Can Cataracts Be Cured?

One of the widespread causes of reduced vision especially among the elderly people is cataract which can be cured. When a cataract develops, a clouding of the usually clear lens of the eye takes place.

There are numerous misleading notions about cataract. It is not a coating over the eye as is commonly believed. Contrary to popular perception it is not caused by overuse of the eye and is not infectious. Many people also believe that it is a cause of permanent blindness.

Indications of Cataract

General indications of cataract consist of a haziness of vision, sensitivity to light, deficiency in night vision, dual images in one eye, and the lack of ability to detect colors in a proper manner.

Causes of Cataract

  • The most frequent kind of cataract occurs due to the aging of the eye.
  • They are primarily detected around the age of 50-60.
  • Cataract may be brought about by diabetes, a wound in the eye, if subjected to ultraviolet rays of the sun, prolonged use of steroid tablets, smoking, frequent consumption of alcohol and a family record of cataracts.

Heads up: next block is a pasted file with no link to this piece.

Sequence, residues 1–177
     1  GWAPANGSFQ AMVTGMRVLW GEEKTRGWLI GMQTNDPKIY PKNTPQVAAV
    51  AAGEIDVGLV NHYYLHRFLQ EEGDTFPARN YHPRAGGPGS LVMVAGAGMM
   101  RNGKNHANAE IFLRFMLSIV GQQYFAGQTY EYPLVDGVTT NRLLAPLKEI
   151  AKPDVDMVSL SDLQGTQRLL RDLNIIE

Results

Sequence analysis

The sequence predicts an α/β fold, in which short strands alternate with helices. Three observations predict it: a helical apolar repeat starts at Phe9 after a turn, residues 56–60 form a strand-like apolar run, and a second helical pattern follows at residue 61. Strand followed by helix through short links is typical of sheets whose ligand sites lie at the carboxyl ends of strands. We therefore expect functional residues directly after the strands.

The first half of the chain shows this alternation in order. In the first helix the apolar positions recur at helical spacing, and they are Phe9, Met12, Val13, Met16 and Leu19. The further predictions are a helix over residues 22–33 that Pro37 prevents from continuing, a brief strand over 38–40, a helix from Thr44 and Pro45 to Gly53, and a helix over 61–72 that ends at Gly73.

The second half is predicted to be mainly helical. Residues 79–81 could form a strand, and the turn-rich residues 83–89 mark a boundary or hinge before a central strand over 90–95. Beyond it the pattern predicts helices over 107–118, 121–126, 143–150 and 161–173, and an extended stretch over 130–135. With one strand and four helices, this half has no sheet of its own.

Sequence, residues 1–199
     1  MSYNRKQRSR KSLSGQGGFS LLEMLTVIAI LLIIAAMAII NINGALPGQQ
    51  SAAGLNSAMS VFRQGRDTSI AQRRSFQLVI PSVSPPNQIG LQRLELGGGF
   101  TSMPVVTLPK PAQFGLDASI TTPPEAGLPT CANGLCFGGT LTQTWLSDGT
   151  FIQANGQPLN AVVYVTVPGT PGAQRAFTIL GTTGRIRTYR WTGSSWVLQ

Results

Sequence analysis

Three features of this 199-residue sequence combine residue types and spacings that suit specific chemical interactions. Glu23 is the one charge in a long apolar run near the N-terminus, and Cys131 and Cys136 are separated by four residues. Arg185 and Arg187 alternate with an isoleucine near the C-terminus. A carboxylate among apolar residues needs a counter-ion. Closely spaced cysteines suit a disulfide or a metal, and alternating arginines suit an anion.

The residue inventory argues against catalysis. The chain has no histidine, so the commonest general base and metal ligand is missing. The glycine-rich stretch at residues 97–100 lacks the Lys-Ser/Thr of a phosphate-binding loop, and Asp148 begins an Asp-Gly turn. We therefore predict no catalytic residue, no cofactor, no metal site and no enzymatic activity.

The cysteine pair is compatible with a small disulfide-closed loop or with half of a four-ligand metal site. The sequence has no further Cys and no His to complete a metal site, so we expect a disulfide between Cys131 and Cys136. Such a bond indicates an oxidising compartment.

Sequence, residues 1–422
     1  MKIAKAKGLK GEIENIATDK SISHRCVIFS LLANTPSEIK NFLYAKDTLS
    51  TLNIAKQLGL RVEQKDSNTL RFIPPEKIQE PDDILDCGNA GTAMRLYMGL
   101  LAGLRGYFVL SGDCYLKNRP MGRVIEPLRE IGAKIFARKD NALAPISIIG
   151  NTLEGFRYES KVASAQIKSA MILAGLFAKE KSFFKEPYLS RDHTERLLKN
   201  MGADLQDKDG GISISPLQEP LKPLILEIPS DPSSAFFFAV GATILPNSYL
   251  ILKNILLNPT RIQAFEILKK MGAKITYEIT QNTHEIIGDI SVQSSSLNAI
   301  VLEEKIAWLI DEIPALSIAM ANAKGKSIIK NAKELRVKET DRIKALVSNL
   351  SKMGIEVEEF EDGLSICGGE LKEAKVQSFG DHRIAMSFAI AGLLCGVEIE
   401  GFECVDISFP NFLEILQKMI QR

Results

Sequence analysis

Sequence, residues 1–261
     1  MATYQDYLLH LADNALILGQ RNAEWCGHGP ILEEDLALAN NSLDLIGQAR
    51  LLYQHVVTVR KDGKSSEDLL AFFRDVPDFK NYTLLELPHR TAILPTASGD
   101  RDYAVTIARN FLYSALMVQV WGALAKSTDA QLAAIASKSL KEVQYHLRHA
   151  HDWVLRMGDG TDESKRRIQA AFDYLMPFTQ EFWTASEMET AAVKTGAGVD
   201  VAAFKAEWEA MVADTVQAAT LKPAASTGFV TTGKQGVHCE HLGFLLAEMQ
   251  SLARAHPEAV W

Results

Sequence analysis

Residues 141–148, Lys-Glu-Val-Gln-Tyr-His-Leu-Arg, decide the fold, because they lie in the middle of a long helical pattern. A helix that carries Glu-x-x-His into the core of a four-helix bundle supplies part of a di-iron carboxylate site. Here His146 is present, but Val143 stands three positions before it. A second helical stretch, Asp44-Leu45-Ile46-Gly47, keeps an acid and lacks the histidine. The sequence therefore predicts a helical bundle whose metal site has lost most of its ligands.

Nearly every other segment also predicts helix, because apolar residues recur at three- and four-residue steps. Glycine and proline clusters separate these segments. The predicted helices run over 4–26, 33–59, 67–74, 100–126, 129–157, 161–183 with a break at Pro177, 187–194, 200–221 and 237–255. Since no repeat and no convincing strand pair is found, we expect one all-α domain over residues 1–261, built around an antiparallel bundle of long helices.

Detection of Cataract

The presence of a cataract can be spotted with the help of a complete eye examination by an ophthalmologist who may as well discover any other conditions that may be responsible for haziness of vision or other difficulties pertaining to the eyes.

Till date, no medication or diet has proved effective in checking the development of cataracts, and there is no medicine that can rectify a clouded lens.

The use of glasses may enhance the eyesight for those in the initial phases of cataract growth but the cataract is likely to worsen with the passage of time and hence this will only be a provisional solution to the cataract problem.

If not treated properly, the lens will ultimately become so clouded that it will practically be not possible to perceive any detail at all, though some light will at all times be noticeable.

Surgical elimination of the cataract is the only way by which the vision of an affected person can be improved or preserved. This entails substituting the affected lens with an artificial one:

Difficulties with other portions of the eye for instance cornea, retina, and optic nerve can lead to loss of vision and may impede chances of any recovery in vision after cataract surgery. If there is likelihood that there could be little chance of the vision improving, elimination of cataract may not be advisable. It is the ophthalmologist who is in a position to reveal the likely nature of visual improvement.

The time taken for the formation of cataract differs from individual to individual, and may even vary between the two eyes. The majority of age-related cataracts in individuals develop slowly with the passage of time.